What’s Up with the Fig Leaves? [Book Review]

Modesty is a hot topic! No one wants to be told what they can and cannot wear. As a ministry that tackles these tough topics, believe me, we know.

But the seductive, tight-fitting clothes aren’t the true problem. It’s the heart behind them, the heart that says to God… “I don’t care what you have to say about my body.” 

But God does care. He wants what is best for us in all areas of life…. even our wardrobe. And modesty is about so much more than the outfits hanging in our closet.

In the book “What’s Up with the Fig Leaves?”, Heather Thieneman uncovers the purposes and practices of modesty. I read the book this summer, and it answered so many questions that I, frankly, didn’t know how to address. Rather than asking what to wear and where to draw the “hemlines”, she challenges us to consider why we wear the clothes that we do. 

An objective standard

Let’s step back in time to the middle of the 20th century. In 1947 the designer of the bikini couldn’t find a single model, even in France, to model his scandalous new design. Not even one. He had to hire a stripper. Kinda hard to believe when only twenty years later his scantly clad creation would populate public beaches and Christians who refused to wear it would be considered “prudish”. What happened? 

Culture changed. And so did its standards.

Thankfully, the Word of God never changes. It gives us objective truths to follow so the amount of clothes we wear are not merely subject to the culture in which we live. Who is to say toplessness will not become the fashionable new norm twenty years from now? Are Christians just supposed to follow that trend too?

Unlike the social mores of fashion, the principles of modesty are not a manmade concept. Modesty was God’s idea. His standards transcend time and place to give us a deeper truth: the clothes we wear are a daily reminder of our need for Christ.

Our need for Christ

Clothing has been a theme of the gospel since God made the first coverings for Adam and Eve. An innocent animal was slaughtered. Its blood was shed as a symbolic foreshadowing of our deepest need – our need for Christ.

“Our shame at being publicly naked is a picture of the shame we should feel at being spiritually naked before God and of our need to be clothed in the righteousness of Another. Every morning that we get dressed for the day should be a reminder to us of our need for Christ.” (Thieneman, 26)

Since the beginning of time, we’ve made ill attempts to rectify our own sin. Adam and Eve thought they could cover their shame with a few flimsy fig leaves. But our attempt to make it right, our “self-righteousness”, is like a “filthy rag” (Isaiah 74:6). We can never cover our sin on our own. Only God can. Those first coats of animal skin were a symbol of His grace, robes of righteousness that we so desperately need to cover our transgressions.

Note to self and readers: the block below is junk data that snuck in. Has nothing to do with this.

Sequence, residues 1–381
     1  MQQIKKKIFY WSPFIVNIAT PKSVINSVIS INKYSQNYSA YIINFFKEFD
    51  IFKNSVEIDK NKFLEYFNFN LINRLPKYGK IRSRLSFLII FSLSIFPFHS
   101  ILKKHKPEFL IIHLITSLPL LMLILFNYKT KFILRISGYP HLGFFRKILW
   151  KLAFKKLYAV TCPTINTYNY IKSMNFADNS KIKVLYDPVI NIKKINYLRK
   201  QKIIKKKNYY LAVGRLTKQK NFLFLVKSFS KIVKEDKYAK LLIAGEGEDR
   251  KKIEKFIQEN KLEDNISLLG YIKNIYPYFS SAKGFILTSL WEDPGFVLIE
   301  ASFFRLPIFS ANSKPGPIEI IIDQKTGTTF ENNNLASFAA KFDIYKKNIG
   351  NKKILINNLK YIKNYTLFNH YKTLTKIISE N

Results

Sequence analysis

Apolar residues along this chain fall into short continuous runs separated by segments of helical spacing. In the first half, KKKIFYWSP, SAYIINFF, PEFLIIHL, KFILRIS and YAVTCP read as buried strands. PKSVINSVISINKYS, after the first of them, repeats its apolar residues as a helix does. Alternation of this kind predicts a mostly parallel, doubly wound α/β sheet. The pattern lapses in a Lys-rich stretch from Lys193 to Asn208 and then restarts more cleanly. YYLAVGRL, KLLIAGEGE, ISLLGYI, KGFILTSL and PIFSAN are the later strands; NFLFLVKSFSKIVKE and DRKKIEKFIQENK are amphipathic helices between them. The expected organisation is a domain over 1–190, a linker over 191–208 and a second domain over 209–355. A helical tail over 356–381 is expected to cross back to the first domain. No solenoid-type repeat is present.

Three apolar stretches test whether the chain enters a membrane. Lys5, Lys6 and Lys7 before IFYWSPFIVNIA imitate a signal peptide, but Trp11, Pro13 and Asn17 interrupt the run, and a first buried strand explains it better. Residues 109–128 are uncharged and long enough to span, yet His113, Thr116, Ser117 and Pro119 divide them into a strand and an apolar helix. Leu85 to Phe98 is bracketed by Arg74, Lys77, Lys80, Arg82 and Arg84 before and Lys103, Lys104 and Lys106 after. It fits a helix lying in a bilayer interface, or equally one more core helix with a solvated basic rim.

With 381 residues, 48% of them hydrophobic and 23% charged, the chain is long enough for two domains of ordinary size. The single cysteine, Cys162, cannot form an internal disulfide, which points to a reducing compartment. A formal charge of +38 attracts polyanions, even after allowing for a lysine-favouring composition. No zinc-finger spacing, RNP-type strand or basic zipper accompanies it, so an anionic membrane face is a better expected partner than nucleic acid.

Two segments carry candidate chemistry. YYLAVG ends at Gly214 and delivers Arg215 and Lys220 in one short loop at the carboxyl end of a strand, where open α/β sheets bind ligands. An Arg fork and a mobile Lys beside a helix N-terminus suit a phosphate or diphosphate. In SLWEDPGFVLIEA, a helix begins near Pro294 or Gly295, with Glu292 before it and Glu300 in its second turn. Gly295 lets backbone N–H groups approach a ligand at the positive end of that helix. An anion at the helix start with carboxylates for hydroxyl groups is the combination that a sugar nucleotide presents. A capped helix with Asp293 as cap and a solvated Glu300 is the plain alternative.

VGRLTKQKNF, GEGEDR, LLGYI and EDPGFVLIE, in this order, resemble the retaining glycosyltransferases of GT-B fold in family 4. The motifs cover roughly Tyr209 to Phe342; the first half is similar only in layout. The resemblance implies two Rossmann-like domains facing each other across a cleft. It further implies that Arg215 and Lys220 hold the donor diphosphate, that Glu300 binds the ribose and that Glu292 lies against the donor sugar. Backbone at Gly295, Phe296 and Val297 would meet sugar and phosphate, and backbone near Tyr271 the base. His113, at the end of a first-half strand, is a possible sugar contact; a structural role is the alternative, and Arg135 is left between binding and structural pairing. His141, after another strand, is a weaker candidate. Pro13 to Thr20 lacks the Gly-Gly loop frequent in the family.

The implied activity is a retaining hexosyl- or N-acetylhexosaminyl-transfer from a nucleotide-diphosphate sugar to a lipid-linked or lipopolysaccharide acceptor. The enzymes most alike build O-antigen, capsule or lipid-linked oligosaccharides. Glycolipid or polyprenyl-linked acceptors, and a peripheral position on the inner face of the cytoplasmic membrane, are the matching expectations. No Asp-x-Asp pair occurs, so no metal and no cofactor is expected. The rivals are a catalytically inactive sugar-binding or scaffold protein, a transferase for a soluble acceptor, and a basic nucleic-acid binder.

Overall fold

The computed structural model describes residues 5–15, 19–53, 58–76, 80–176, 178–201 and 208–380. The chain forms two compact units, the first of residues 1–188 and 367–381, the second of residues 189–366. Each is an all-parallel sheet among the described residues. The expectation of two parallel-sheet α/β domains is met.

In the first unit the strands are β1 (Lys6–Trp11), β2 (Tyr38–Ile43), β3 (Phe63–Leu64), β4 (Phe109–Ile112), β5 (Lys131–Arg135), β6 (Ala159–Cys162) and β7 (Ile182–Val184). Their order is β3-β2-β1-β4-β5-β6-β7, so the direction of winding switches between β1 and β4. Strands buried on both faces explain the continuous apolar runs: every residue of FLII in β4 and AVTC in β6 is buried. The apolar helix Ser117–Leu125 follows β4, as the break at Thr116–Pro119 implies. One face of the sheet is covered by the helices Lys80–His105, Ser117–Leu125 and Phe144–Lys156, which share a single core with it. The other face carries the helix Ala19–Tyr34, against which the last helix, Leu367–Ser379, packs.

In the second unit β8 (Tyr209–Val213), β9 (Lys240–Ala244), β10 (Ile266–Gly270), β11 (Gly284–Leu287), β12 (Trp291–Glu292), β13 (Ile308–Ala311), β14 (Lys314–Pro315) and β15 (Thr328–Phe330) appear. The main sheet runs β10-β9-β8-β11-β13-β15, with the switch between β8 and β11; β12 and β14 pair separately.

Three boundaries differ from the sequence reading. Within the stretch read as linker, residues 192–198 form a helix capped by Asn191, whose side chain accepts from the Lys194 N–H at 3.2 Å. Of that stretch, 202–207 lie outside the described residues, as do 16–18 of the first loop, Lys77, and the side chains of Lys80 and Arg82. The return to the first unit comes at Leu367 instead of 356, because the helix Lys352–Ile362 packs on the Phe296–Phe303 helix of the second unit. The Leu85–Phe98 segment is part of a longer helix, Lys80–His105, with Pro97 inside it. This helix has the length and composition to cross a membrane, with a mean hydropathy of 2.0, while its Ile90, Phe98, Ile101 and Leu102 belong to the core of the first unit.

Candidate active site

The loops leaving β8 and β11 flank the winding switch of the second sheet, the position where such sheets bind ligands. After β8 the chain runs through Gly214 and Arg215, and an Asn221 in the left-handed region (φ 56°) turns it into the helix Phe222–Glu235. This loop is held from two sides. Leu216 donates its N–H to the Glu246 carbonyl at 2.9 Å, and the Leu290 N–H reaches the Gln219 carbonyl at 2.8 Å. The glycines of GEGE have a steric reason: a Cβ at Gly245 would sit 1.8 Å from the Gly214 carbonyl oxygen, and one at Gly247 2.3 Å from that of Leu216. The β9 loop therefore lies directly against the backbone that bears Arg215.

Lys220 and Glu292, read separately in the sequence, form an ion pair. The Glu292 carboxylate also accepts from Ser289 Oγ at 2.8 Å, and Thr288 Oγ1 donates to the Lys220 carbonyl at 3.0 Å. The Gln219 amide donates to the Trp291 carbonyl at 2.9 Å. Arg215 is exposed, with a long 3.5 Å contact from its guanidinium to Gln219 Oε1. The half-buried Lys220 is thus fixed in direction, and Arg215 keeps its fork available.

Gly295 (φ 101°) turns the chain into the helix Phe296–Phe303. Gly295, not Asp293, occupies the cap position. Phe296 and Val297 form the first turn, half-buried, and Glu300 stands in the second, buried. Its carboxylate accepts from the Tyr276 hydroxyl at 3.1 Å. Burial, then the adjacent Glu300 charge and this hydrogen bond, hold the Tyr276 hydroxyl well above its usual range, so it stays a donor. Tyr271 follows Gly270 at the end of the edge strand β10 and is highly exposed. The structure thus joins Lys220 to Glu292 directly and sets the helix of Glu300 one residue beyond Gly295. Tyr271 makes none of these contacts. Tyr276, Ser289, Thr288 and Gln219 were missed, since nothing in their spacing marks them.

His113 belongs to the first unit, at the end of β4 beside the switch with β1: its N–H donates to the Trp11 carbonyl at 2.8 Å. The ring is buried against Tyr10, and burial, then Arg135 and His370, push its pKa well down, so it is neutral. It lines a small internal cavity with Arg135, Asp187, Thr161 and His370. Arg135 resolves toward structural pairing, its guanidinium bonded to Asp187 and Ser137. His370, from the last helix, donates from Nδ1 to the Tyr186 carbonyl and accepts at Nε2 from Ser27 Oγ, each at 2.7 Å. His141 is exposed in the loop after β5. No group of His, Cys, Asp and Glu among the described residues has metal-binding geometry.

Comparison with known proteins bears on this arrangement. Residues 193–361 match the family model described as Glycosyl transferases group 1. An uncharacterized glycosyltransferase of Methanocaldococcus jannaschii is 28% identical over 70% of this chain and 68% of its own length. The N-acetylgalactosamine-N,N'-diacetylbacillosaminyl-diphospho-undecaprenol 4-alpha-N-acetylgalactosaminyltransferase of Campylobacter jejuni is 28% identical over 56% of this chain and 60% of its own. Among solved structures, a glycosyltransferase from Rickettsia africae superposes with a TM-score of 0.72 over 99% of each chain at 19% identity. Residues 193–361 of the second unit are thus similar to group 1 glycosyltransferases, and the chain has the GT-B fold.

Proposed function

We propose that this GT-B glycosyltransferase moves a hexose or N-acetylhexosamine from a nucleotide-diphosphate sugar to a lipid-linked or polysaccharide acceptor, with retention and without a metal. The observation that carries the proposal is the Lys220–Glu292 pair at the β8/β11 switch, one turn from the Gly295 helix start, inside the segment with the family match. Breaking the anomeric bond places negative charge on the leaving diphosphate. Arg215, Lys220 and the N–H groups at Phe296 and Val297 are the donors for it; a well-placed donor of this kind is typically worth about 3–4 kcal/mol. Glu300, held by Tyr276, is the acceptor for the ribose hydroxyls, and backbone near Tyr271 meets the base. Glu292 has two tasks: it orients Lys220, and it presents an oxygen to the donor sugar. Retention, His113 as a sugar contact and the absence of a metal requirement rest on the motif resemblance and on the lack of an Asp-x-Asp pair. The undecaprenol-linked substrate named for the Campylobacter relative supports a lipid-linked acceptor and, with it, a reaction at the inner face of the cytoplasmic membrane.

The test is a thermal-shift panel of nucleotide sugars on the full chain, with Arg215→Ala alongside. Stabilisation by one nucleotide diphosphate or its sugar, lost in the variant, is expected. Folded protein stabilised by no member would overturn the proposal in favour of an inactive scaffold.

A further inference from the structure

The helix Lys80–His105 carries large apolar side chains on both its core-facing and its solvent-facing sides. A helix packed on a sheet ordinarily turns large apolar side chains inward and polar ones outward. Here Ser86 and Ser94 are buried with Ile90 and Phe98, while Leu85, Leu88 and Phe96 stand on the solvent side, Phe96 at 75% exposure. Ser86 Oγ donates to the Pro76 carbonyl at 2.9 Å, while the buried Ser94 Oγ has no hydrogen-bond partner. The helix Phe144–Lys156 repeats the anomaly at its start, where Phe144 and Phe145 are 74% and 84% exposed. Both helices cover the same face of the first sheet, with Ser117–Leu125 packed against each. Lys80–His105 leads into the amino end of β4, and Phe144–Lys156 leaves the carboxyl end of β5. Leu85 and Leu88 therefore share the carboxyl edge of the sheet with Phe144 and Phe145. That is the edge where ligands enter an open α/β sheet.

Those robes? They are not a cloak of shame. They are a coat of honor. Like Joseph’s coat of many colors, it symbolizes His favor. God clothes us, lifts us out of our shame, and trades our dirty rags for a beautiful garment of His love. We are beloved, and He desires good things for us.

“For he has clothed me with garments of salvation and arrayed me in a robe of his righteousness, as a bridegroom adorns his head like a priest, and as a bride adorns herself with her jewels.” Isaiah 61:10

A good and beautiful bELONGING

Believer it or not, modesty helps us enjoy the goodness of God’s creation.

“Modesty is not just a security guard against sexual perversion, it is also a bodyguard for sexual pleasure… Modesty enhances our experience of sexuality.” (Thieneman, 155)

This isn’t just the author’s hopeful ideal either. This is an observable fact. Many secular sociologist and psychologist agree. Popular sexologist Havelock Ellis claimed that feminine modesty creates passion. And psychologist J. C. Flugel called it a cycle between modesty and desire. Modesty fights the desire and in so doing, rekindles it. It keeps the passion alive by preserving it.

It’s just one of the reasons, Thieneman asserts, why nudist colonies have become desensitized to their own nakedness. She compares it to a diet of junk food and sweets. It is possible to have too much of a good thing. You eat too much and begin to enjoy it less. When a person becomes oversaturated with sexuality, they become bored with it all.  So they begin to need more and more until there is nothing left to enjoy.

Modesty, on the other hand, recognizes what is good and protects passion for the right places. Far from sexist and domineering, modesty is beneficial for the one who discovers the beauty of its design. 

“Modesty is not the repression of something repugnant, but the guarding, the treasuring of something beautiful.” (Thieneman, 47) 

We do not dress modestly because we are shy. We do not dress modestly because we think we are ugly. We dress modestly because we recognize that our beauty is worth treasuring. Like Song of Solomon 4:12 says, “A garden enclosed is my sister, my spouse, a sprint shut up, a fountain sealed.” The modest woman is content without external validation. She doesn’t need people to fawn over her body. She is truly confident in who she is in Christ and anticipates the day her beauty will be treasured by one man – her husband. 

Ultimately, the woman of God knows she is loved by her heavenly bridegroom – Christ himself (2 Corinthians 11:2). And she lives out of that love. There is no greater love, there is no greater affirmation, than that.


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